**ABC—XYZ**

498 [jOINEKY. spiral being given to describe the curve, let AB be the total height, and AC the intended height of the eye, and let the spiral be required to make two revolutions. Divide BC into four times as many parts as there are revolutions required (4x2 = 8), because there are four quadrants in every revolution. Draw any line DE equal to the height of the spiral. Set down from D half the number of the parts and one more (4 + 1 = 5); this is the top of the eye. Set down half AC at O, and describe the eye ; then at set up half a part to F, and make FG, FH = OF; then, as in fig 105, draw OG, OH, GI, and from draw a line parallel to GH, and divide the same into as many parts as there are to be revolutions. Fig. 105 is for one, and fig. 106 for two revolutions. Bisect Ol at X ; make 21 = 2X, and join XI ; and through 1 draw MN parallel to OF to meet OG and XI. Draw the quarter circles, as in the diagram, HD being the first opening of the compasses, GP the next, and H, G, I, K, L, M, and N being the centres. To describe the scroll let AB, as in fig. 107, be the width across, usually about 10 or 12 inches ; let EB be the intended diameter of the eye; and let the scroll be required to make one revolution and a half, or six quadrants (these are shown at greater size by the side of fig. 108), then proceed as last directed, and complete the scroll, also dot in the lines of the nosings and risers. For the curtail step transfer the lines of nosings a, and the lines of the risers b, to another place, as in fig. 108, and set out the thick- ness of the veneer within the line of nos- 107, 108 illustrate the formation of Scro11 and CurtaU Step " ing, the part within this represents the solid block of the curtail. The places of the balusters are shown in fig. 107. It is obvious that in every geometrical staircase, the half of a cylinder placed upright in the well-hole would touch the wreathed string K in all parts, another a little less would touch all parts of the hand-rail. Let us suppose ACB, as in fig. 109, to be the plan of half a cylinder so set up right in the well- hole, and let us sup pose A E to be the height of the same, Divide the curved line ACB into any convenient number Fia ^-Construction of Hand-Bail. of parts, and set the same off by compasses on the straight line from C to A and C to B . Or, in case ACB is a semicircle, divide the line AB, draw the diameter CD, making aD equal to three-fourths of the radius, and draw DA, DB , and the rest of the lines through the points of division, as shown in the diagram. Then A B is the stretch out or length of the circumference ACB unrolled, But A E is said to be the whole height. From E set down the respective heights of the winders, step by step, as shown. Now let G be the representation of the cylinder, with tho different lines squared up and across, these will give a representation of the curve at which the winders must ascend, and which, of course, must regulate the hand-rail. The other faint lines show the edge of the covering. Fig. 112 represents the plan of a staircase, beginning with a scroll, and having steps winding round the circular part of the well-hole. In the first place, let the end of the steps be developed according to the method we have just given (fig. 110 shows this development). Now the hand-rail ought to follow the inclination of a line drawn to touch the nosings of the steps, except where there is an abrupt Fig. .110. Fig. 111. Fig. 112. FIGS. 110-112. Development of Circular Hand-Rail. transition from the rake of the winding to that of the other steps ; at such places it must be curved, the curve may be drawn by the help of intersecting lines, as in fig. 111. The part which is shaded in fig. 109 represents the hand rail and ends of the steps when spread out, and the hand rail is only drawn close to the steps for convenience, as it would require too much space to raise it to its proper position. This development of the rail is called the falling- mould. We will now refer to fig. 113, and will suppose the inner semicircle of ACB to be the plan of the well- hole, and <?A, B, the width of the rail ; then the outer shaded part ACB will be the plan of the rail on the level ; ADEB is the cy linder referred to before ADE being the angle at which the stairs ascend. Now since by the principles of Conic Sections the ob lique section of a circular cylinder is an ellipse, if the cylinder be circular the lines may then be found FlG. 113. Tracing the Face-Mould of Rail. by a trammel. Be it of what section it may, the delineation of a cylinder cut at any angle ADE may be found by dividing it into equal parts, and setting up the ordinates ol, &2, &c., as shown. This delineation is a plan " on the oblique," or the face- mould of the rail, to be cut " on the plumb." The wood used for hand-rails being of an expensive kind, it becomes of some importance to consider how the plank may be cut so as to require the least quantity of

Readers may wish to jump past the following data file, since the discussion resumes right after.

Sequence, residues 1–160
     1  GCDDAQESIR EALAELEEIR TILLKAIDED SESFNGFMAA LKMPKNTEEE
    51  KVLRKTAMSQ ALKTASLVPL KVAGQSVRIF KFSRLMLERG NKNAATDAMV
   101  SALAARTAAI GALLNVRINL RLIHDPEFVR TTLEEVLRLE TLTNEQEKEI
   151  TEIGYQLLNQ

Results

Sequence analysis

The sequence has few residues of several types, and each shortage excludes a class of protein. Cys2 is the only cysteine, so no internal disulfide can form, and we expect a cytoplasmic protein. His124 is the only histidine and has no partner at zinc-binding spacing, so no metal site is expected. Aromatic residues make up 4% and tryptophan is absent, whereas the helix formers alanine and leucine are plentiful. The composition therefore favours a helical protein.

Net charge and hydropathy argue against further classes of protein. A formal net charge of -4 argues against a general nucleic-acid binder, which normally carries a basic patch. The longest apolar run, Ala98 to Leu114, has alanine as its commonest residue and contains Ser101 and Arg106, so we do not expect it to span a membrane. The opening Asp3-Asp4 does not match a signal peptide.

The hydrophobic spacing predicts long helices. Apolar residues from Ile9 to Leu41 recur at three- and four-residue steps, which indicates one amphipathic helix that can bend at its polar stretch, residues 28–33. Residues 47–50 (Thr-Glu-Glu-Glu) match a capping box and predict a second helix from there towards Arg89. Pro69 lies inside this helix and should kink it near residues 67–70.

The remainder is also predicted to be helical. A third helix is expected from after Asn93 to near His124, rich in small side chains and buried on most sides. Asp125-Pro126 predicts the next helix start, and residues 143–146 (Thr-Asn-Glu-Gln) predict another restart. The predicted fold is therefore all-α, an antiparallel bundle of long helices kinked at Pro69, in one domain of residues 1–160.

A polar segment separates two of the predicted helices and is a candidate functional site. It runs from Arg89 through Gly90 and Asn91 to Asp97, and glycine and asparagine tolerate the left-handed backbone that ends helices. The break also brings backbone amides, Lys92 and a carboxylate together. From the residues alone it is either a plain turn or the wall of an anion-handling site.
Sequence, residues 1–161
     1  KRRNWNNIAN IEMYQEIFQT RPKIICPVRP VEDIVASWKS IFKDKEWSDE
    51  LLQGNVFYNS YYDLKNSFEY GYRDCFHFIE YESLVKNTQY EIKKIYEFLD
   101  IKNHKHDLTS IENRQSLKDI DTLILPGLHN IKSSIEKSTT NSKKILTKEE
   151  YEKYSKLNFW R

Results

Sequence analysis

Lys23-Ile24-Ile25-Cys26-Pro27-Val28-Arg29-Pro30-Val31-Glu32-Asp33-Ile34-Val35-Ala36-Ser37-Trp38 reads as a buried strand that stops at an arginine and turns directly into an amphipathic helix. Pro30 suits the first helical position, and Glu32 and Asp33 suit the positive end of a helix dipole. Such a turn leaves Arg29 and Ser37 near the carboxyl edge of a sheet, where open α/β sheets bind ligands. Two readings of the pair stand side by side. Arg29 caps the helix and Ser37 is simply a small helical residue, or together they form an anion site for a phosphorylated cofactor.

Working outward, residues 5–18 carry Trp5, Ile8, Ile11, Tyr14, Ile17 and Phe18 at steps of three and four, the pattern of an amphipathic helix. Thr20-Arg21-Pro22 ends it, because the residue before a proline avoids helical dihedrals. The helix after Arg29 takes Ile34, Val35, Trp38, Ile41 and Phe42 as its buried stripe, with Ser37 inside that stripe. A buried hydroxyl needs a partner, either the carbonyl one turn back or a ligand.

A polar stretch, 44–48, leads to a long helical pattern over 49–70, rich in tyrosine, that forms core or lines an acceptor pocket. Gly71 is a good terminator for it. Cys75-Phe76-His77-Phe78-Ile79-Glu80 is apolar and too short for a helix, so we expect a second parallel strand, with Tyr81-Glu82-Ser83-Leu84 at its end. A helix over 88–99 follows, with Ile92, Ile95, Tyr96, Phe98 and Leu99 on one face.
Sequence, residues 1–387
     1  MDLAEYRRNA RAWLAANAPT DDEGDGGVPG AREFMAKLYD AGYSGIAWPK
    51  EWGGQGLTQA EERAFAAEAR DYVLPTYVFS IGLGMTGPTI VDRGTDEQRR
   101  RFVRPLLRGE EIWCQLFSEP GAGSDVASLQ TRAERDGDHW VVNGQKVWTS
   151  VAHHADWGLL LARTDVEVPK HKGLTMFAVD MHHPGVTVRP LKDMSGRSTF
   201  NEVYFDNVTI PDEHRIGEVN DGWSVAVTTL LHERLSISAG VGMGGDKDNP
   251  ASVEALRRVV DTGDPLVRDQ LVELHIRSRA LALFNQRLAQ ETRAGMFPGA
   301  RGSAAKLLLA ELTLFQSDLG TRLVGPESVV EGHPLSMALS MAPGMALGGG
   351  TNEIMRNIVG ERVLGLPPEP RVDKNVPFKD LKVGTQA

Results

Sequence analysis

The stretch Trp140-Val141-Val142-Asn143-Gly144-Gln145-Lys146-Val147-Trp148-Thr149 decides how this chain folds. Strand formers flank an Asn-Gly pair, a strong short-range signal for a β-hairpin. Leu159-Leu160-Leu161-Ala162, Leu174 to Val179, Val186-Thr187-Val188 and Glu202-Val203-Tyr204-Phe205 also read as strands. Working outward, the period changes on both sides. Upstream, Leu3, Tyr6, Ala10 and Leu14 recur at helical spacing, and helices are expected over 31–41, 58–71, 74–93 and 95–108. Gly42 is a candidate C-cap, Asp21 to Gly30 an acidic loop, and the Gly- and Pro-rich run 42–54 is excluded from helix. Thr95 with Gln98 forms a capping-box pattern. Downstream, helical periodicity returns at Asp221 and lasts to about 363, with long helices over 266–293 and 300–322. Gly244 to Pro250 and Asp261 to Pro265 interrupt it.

material for the curved part of the rail. Now, if we were